So you were a good Do-Bee and showed up to board your flight the recommended two hours prior to scheduled departure (or three hours if it is an international flight), you flew through airport security and now you find yourself at the boarding gate staring at the minute hand on your watch. What to do? Myself, I have a little preflight ritual that helps pass the time that I quite enjoy. I hit the shops! No, I am not advising you to go on a shopping spree. These days where the only real estate in the country being snatched up is the space in the overhead compartment above your seat, this kind of move could be detrimental to your in-flight well being. Once fellow passengers catch you stuffing bags into their storage territory, um, you‚Äôre on your own. (Many shops will assist you in arranging for bulky items to be delivered to a destination or to be collected from a designated kiosk upon returning from your trip, but to err on the side of simplicity, I‚Äôm going to list smaller and more essential airport buys.)
When the aircraft reaches a cruising altitude of about 35,000 feet, your ears will thank you for this purchase. You will also feel confident striking up a conversation with those seated next to you because your breath smells minty fresh. (If you typically experience ear pain due to air pressure changes when flying, consult your doctor for other alternatives that aid in alleviating this type of discomfort before you travel.)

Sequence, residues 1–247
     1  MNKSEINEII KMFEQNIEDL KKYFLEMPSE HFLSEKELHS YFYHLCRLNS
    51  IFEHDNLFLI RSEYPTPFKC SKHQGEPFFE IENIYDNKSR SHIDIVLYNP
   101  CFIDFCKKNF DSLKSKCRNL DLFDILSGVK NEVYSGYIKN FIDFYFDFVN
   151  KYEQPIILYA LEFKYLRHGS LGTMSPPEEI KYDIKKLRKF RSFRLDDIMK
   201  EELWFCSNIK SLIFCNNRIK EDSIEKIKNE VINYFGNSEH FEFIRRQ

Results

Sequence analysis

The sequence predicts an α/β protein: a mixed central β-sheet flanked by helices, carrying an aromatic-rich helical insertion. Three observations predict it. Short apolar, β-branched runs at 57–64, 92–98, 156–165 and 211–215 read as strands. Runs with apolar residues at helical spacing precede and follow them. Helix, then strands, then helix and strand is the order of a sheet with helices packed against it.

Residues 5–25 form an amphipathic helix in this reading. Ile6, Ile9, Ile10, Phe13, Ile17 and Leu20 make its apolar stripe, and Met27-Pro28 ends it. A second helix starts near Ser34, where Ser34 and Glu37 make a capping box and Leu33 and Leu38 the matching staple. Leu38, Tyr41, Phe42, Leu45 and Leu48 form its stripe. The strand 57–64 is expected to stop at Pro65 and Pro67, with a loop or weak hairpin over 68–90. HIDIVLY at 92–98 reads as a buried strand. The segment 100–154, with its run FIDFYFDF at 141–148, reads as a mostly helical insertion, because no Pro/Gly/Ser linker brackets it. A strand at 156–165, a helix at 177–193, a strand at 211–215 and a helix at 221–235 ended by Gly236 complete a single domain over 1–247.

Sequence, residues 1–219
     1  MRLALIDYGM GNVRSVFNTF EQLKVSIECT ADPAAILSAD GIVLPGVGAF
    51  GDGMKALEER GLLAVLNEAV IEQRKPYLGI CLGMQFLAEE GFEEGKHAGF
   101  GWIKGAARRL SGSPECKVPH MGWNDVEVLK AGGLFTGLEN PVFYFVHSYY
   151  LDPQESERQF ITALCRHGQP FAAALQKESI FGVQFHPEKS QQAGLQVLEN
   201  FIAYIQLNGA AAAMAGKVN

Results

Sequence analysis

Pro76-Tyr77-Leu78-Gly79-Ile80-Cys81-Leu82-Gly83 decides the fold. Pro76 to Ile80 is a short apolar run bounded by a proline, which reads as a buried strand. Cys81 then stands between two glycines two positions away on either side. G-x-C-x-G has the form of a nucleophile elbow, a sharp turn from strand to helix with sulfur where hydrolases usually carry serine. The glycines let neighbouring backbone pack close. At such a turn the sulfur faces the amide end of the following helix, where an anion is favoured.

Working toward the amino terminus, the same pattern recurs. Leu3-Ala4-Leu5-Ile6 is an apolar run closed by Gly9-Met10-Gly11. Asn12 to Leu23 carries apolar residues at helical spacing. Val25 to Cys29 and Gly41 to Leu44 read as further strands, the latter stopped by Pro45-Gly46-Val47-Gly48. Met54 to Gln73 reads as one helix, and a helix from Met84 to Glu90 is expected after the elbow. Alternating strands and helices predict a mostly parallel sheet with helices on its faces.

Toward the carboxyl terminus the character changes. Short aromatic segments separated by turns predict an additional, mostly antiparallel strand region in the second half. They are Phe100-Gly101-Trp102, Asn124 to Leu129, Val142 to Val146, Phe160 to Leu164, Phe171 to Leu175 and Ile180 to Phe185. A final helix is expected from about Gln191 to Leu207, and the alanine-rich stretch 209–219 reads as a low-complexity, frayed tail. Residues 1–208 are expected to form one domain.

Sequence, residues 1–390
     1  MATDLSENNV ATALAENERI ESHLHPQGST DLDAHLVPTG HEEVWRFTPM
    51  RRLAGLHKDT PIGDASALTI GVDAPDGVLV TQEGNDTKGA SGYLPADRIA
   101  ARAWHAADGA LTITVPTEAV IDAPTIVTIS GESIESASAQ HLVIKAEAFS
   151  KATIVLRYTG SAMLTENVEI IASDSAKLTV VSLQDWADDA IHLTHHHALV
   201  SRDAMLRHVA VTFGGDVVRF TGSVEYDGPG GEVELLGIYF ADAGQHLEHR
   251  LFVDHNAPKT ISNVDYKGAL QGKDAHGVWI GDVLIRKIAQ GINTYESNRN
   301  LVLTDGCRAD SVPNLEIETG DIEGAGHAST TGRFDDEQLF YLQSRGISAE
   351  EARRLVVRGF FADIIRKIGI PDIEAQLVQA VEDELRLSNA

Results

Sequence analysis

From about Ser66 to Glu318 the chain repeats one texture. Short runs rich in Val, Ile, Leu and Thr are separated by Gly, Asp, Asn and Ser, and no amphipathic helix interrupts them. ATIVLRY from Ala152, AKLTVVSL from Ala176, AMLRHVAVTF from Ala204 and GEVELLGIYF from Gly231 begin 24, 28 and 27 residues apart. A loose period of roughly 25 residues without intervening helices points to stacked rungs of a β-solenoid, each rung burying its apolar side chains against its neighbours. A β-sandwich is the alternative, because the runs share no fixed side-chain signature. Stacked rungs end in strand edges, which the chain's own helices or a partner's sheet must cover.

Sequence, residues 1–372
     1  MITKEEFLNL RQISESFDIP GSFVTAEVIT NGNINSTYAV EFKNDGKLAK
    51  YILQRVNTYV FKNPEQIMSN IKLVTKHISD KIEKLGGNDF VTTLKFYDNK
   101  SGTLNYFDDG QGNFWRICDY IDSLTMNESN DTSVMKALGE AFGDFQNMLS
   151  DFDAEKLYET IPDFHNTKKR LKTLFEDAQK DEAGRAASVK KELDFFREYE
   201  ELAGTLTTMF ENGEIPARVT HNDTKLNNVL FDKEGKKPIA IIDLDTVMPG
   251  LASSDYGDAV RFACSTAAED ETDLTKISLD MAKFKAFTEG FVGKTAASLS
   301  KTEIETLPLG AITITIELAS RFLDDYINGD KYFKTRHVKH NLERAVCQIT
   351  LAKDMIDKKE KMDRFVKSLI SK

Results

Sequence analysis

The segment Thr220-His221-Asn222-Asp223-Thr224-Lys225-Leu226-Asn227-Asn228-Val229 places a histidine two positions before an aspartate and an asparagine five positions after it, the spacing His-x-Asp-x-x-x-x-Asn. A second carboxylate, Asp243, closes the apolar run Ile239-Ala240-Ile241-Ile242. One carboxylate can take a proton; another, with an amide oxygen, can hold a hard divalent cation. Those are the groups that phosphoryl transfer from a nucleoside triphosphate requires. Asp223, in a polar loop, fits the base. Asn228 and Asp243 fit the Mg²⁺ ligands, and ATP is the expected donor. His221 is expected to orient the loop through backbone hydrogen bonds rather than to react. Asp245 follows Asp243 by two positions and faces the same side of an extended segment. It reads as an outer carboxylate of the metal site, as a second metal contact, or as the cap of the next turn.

Books & Magazines
A trip to the airport bookstore is an absolute must for me. I look forward to this shopping experience, and I do not worry about which books are supposedly on a best sellers list beforehand. The shops already stock their shelves with top reads, and I like to take a bit of time perusing the book jacket blurbs in search of a novel that piques my interest. For good measure, I normally pick up a magazine as well. Oh, and when everyone else is being instructed to turn off their electronic devices, this good old paper standby won‚Äôt let you down.
Healthy Meal To Go
Yes, you could pack a little something from home to eat in flight, but beware of liquid regulations and be prepared to potentially slow down the line at the security check point. Short flights may not offer their passengers anything more than ¬Ω an ounce of peanuts or sell an expensive box of junk food. I like to grab a sandwich to munch on during the flight. (If flying internationally, do know that you may not be permitted to bring certain foods into another country. You may have to part with produce, meat, and other possible edibles at the customs counter). I would not suggest buying a large beverage prior to boarding either. Most airlines will serve a complementary small drink, and do you really want to squeeze past the person seated by your side to use the phone booth sized restroom mid-flight?
I actually look forward spending some time meandering through the terminal in search of these things before boarding an aircraft. For me, this makes having to arrive at the airport early worth the slight inconvenience. These items are relatively inexpensive and will not take up much space in your carry-on. While waiting to board your next flights to Paris or Amsterdam, add a little shopping to your pre-departure routine.